Documentaries, probably more than any other genre, span a large spectrum of different elements and sub-genres. Whether that’s in how the film itself is made or the rationale behind its creation. Arguably the most contentious of these is the hybrid documentary or docufiction. A combination of fiction and non-fiction. What makes this style of filmmaking so controversial is the blurring of the lines and the lack of clarity between organic and staged. The Filmmaker’s House is one such conundrum.
Marc Isaacs is trying to make a film but securing funding is becoming increasingly difficult. Indeed, he’s advised to focus on crime, sex or celebrity if he wants to get one made. Marc’s response is to start shooting his next project in his own home; filming with a number of characters who form part of his life. His Columbian cleaner, Muslim neighbour, two English builders contracted to replace his fence and a homeless Slovakian man. It’s the latter who forms the central focus of The Filmmaker’s House.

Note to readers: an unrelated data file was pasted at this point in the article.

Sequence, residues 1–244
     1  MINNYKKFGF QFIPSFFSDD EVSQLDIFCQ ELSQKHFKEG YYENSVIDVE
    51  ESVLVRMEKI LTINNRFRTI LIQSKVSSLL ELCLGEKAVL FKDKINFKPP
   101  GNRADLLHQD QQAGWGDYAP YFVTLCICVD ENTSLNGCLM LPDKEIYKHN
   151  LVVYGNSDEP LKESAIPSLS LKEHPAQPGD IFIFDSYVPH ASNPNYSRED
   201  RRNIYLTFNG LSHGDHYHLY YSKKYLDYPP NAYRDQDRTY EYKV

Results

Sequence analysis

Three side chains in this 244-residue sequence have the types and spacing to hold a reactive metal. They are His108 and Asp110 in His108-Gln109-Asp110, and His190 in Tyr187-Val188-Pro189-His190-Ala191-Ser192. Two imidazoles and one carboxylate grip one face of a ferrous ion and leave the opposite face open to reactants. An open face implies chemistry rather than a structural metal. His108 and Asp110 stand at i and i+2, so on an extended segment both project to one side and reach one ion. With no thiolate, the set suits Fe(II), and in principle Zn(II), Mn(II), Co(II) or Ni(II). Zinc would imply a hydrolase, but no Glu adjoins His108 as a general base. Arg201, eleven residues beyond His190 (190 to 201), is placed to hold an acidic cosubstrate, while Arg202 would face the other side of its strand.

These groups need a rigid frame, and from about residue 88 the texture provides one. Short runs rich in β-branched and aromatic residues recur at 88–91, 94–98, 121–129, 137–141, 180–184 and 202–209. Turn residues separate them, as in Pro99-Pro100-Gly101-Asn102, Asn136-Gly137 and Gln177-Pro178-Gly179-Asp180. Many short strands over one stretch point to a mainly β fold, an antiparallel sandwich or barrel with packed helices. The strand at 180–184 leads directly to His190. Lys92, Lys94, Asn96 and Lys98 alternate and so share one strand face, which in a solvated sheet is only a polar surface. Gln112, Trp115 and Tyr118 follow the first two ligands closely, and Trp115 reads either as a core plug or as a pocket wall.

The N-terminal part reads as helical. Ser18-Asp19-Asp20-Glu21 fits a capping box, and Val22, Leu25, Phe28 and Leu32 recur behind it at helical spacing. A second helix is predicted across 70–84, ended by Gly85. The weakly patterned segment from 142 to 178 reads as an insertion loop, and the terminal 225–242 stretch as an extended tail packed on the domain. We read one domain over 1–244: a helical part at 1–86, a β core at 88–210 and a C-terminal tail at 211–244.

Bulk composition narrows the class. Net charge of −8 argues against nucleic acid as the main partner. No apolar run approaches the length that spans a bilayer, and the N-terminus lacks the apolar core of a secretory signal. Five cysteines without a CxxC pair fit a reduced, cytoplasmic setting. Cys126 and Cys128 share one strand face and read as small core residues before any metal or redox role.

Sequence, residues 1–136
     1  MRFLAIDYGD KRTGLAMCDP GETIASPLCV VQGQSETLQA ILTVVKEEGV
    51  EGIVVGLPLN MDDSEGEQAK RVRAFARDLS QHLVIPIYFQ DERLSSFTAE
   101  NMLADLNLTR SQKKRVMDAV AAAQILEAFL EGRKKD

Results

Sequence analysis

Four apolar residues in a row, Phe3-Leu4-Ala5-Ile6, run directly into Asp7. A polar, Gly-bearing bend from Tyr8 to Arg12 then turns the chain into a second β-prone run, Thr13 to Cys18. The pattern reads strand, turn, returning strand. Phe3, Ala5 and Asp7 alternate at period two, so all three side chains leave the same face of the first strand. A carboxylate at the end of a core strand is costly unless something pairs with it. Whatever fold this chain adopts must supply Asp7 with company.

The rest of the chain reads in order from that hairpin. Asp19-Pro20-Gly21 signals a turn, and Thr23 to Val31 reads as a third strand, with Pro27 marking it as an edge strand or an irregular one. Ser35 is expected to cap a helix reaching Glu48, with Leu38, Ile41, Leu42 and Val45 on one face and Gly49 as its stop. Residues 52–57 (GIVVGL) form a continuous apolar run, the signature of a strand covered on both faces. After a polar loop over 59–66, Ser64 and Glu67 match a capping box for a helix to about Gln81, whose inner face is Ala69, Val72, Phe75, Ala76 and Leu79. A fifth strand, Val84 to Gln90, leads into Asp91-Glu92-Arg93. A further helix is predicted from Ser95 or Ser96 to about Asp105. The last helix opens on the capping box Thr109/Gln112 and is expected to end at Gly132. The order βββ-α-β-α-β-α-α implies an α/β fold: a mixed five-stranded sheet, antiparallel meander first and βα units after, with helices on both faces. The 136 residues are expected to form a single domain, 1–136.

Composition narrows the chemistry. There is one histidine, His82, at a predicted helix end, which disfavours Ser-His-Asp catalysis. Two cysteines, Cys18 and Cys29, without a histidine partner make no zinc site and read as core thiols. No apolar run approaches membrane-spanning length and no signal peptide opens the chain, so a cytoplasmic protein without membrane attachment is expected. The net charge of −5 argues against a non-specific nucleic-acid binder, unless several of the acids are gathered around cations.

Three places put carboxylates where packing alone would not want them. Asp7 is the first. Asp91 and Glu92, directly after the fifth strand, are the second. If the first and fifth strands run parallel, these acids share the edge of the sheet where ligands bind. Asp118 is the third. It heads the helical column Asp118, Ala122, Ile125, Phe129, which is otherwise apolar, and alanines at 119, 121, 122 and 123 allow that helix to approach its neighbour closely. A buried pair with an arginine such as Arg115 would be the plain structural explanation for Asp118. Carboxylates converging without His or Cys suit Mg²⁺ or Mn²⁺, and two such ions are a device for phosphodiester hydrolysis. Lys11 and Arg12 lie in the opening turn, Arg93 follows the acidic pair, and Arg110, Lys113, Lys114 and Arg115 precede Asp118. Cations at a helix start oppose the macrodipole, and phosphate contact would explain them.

Largely filmed within Isaac’s home, with the odd sojourn to locate his wayward friend, The Filmmaker’s House conjures up conflicted thoughts. This fictionalisation is hinted at from the start and the actions of the characters also point in this direction. This conceit raises ethical issues for me as I don’t know what is true and what is staged. Taken on good will, it’s a story which pitches together a number of disparate personalities who end up pulling together. A portrait of a divided Britain but one whose inhabitants have much more in common than not.
The Filmmaker’s House screens as part of the Sheffield Doc/Fest’s Rebellion strand on 17 October at the Showroom Cinema.